Mark Cofano: Awesome. So happy to have you on our Innoview. You’re one of our early stage participants, and we’re particularly excited to have you share some of the information that you have about startups, scale ups, and COVID-19, which is a fantastic subject. And before we get into the meat of that, I want to just make sure that I share with our audience a little bit about how you and I came to know each other. And in particular, the fact that we met each other at an investment conference, and we started talking about Microsoft, which I thought was fantastic. Because you and I both had a background in the day with Microsoft. Could you just remind everyone about kind of your connection to Microsoft?
Robert Steven K: Well, simply I was something of a celebrity in the early eighties as a young CEO of a medium sized hardware company, and Microsoft was a client. I mean, pardon me, a vendor. And I got a call from Bill Gates and he said, “I know what you’re doing. We’ve met a couple of times. Come on up to Seattle, and let’s talk about doing something together.” So I got in a plane, we had dinner at the Space Needle with Paul Allen, and he offered me a position as, as I recall, Director of North American Sales for Microsoft. [crosstalk]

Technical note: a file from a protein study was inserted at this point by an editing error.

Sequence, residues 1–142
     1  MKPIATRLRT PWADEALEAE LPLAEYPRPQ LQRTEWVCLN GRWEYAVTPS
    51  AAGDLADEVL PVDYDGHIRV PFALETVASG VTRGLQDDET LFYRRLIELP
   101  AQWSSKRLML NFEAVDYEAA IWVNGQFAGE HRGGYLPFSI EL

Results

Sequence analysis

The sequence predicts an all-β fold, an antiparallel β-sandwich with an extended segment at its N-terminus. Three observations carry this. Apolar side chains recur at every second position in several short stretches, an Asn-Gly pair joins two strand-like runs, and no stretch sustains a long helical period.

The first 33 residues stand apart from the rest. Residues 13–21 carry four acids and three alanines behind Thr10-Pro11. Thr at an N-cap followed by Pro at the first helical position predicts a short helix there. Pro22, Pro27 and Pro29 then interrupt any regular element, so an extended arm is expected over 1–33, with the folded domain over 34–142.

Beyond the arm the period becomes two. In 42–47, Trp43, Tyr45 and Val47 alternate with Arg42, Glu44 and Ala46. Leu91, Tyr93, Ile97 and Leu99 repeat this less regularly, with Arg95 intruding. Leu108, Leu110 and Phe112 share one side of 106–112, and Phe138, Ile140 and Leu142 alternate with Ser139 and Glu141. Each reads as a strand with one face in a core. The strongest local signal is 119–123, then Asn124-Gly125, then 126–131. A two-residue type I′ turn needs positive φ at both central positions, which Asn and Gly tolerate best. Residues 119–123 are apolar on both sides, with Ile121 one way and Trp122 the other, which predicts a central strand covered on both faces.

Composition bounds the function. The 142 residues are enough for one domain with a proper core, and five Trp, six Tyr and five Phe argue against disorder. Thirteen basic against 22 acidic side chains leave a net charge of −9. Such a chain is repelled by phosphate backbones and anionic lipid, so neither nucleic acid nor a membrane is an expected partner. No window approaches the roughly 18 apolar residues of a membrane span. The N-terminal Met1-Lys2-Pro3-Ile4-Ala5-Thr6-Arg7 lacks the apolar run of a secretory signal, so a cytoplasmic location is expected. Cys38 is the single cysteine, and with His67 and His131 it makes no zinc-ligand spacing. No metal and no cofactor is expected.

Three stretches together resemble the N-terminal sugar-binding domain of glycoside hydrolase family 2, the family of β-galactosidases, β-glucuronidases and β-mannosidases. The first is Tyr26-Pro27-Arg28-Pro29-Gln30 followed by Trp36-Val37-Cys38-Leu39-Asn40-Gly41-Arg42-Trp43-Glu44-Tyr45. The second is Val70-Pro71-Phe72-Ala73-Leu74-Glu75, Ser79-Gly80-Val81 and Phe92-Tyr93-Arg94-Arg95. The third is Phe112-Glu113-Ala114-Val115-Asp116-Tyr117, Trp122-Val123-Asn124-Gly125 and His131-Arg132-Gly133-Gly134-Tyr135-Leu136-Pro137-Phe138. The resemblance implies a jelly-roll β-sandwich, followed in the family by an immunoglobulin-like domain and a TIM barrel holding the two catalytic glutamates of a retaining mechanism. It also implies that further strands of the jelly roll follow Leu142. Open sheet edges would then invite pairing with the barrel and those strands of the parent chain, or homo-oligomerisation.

Mark Cofano: That’s just amazing. That’s the call of a lifetime. I think most people-
Robert Steven K: It was the call of a lifetime. Yep. The place where I’ve been kicking myself ever since for not taking the position is grown, scarred, and blemished, but that spot is not visible to the public. But I’ve been … The guy who took that position, I think, was the internal Steve Ballmer. And of course, he’s now worth $49 billion and I’m not. But it [crosstalk].
Mark Cofano: Well, hey, hindsight is 2020. But the fact that you actually were asked by Bill Gates to lead a significant part of Microsoft, that was remarkable. And there’s a couple of things I remember about you. First of all, that you had a bigger picture view of not only the startup world, but also of the world in general. And I’d like to focus on one thing in particular. Basically the connection between startups and innovators. How are they the same? How are they different? And what part of your world is actually focused on helping startups and innovators?